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My grandmother made stew tonight.

It was tasty, for a change.

It had an interesting taste, but in a good way.

I actually finished the whole bowl, to her delight. This was a rare occurrence.


But when I went to put the bowl in the sink to clean it, I noticed a big bunch of . . . hair at the bottom.

It was jet black.

And curly.

I mean, yeah, she was senile, but not that senile.

And . . . hair?

What?

I shuddered.

Where had it come from?

Who had it come from?

Shuddering again, I walked into the living room.

Where there was an overflowing bag of hair.

Wh-

I tossed the bag in the rubbish bin. I didn’t want to think about it. I’d call . . . I’d call someone. In the morning. Yeah.


That night I couldn’t sleep. I couldn’t stop thinking about that news story I had just read. A family had gone missing in the area, and they had zero leads. Scary that that kind of thing could happen in my neighborhood.


The next morning, I woke up with a fearsome itch in the back of my head. I sat up, yawning, and noticed a pile of hair on my pillow. Black and curly.

“WHAT THE HECK!” I screeched. “HOW THE HECK DID THAT GET THERE!”

My grandmother was rushing into my room, awkwardly holding a baseball bat. “Whowhatsit! Whasamizzah!” She swung the bat around her head, causing my bobblehead collection to go crashing onto the ground.

“Grams! It’s okay! There’s no one here!” I calmed her. “It’s just, there’s MORE HECKING HAIR ON MY BED!” I jumped off the bed and landed on . . . more hair. I screeched. “WHOSE IS THIS!”

My grandmother looked away quickly, dropping the bat by her side. “Come down for breakfast, dear,” she chided, and walked away faster than I had ever seen her walk. She hadn’t answered my question.


That night, we had stew.

Again, it was delicious.

Again, there was a great big slimy wad of hair at the bottom.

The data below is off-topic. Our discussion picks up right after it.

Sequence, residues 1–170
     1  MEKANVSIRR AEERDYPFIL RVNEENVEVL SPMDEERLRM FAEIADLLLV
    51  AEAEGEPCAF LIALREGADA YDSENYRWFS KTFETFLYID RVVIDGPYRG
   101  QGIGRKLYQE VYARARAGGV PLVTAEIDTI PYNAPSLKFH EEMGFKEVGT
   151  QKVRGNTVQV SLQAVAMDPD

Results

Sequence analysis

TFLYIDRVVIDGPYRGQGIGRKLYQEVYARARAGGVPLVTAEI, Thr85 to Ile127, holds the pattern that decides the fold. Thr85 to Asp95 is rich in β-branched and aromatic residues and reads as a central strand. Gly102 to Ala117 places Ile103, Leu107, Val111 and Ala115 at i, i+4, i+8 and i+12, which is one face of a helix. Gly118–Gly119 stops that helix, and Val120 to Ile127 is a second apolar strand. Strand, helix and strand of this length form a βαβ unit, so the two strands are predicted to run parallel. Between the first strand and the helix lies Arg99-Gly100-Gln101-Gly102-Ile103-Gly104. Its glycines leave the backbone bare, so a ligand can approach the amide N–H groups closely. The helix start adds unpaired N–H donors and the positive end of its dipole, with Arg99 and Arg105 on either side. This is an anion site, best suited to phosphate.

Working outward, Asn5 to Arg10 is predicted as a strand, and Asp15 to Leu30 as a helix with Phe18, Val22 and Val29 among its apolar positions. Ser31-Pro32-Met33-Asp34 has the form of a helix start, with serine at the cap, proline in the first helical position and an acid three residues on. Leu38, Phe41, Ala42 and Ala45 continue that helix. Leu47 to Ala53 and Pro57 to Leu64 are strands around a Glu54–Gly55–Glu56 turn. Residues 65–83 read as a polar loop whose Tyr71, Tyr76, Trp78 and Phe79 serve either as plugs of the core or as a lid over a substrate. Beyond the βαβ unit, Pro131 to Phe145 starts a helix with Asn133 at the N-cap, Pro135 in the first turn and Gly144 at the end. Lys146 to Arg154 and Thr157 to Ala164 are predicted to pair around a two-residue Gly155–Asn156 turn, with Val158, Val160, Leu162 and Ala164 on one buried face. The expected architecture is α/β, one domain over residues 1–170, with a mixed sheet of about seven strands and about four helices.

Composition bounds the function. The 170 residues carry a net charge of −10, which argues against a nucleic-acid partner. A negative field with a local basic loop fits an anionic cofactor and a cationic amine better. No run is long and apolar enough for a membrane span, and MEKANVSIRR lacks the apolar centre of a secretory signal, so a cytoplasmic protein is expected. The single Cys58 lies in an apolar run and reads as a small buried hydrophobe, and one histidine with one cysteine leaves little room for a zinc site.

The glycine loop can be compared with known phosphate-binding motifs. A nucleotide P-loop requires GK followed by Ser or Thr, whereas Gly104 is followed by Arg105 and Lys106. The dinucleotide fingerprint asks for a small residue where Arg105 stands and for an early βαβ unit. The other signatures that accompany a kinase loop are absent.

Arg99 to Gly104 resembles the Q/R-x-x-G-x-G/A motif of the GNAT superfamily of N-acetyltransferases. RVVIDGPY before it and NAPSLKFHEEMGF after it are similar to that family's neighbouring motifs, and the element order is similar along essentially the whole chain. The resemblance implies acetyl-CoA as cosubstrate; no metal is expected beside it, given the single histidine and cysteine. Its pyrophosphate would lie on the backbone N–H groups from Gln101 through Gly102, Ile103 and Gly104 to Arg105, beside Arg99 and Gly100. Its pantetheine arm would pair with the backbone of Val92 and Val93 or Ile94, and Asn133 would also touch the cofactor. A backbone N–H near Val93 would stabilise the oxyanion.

Again, I asked her whose it was.

Again, she avoided the question.


At two in the morning, I awoke to the phone ringing and my grandmother’s voice. It was muffled, but I got the gist of what she was saying.

“Oh, Doreen! Mumble mumble gardening club mumble mumble? Mumble mumble book mumble.” Then she got quiet. “Mumble grandson? Mumble mumble worse. Mumble mumble mumble day mumble yesterday mumble mumble nasty mumble blood everywhere. Mumble mumble mumble stew, and the mumble mumble hair. Mumble mumble two weeks at best. Mumble mumble mumble mumble him off their hands, mumble mumble planning funeral. Mumble mumble.”

Then she hung up and I heard her make a very loud sound that was either a weird sob or a very creepy laugh.


Her phone conversation kept me awake thinking about it. It was just too odd.

From what I gathered, she wanted someone off her hands.

There was an incident? With . . . blood?

She was planning a funeral?

And . . . something started yesterday? What started yesterday?

Suddenly something clicked.


The disappearances in my area. The odd taste of the suddenly delicious stew that she had started serving two dinners ago.

The hair.


The next evening, there was stew again.

But today I didn’t take a bite. I asked a question instead.

“Hey, Grams?” I tried to keep my voice steady and nonchalant. “Why don’t you try some of this stew too? You made it, after all.”

Her eyes widened. “Oh, no, dearest. I couldn’t. I made it just for you. To keep up your strength.”

I processed her refusal, then slammed the bowl down.

“What’s this stew made of?” I asked, my voice trembling.

“Oh, this and that.” She smiled at me. “I don’t remember exactly.”

“YOU MADE IT WITH HUMANS!” I SCREAMED. “THAT EXPLAINS THE HAIR! AND THE MISSING PEOPLE! AND THE ODD TASTE!”

She appeared concerned. “Oh, no, dearest! It’s not—well, you’ll excite yourself. You’re frail, darling, you must try and calm down!”


“Get away from me!” I screeched, and that’s the last thing I remember.





The local headlines the next day were unusually tragic.


AMNESIAC SUCCUMBS TO CANCER, CARETAKER SUFFERS HEART ATTACK FROM SHOCK

Jason Haines, age 12, lost his fight with cancer yesterday evening. The young boy had recently been hit by a car, causing a concussion and the loss of oddly specific memories of the past year.

“From what I know, he had forgotten all about his cancer diagnosis,” his aunt explains. “And not only that, but he had odd bouts of emotional outbursts. Each one seemed to make him weaker. We were told that one more of these outbursts would kill him. He was living with his grandmother because she alone seemed to be able to calm him. If we had known—” She was unable to continue. Haines had just started chemotherapy, and as a neighbor reports, the loss of his hair seemed to unsettle him. His grandmother is still in the hospital, and is unavailable for comment.

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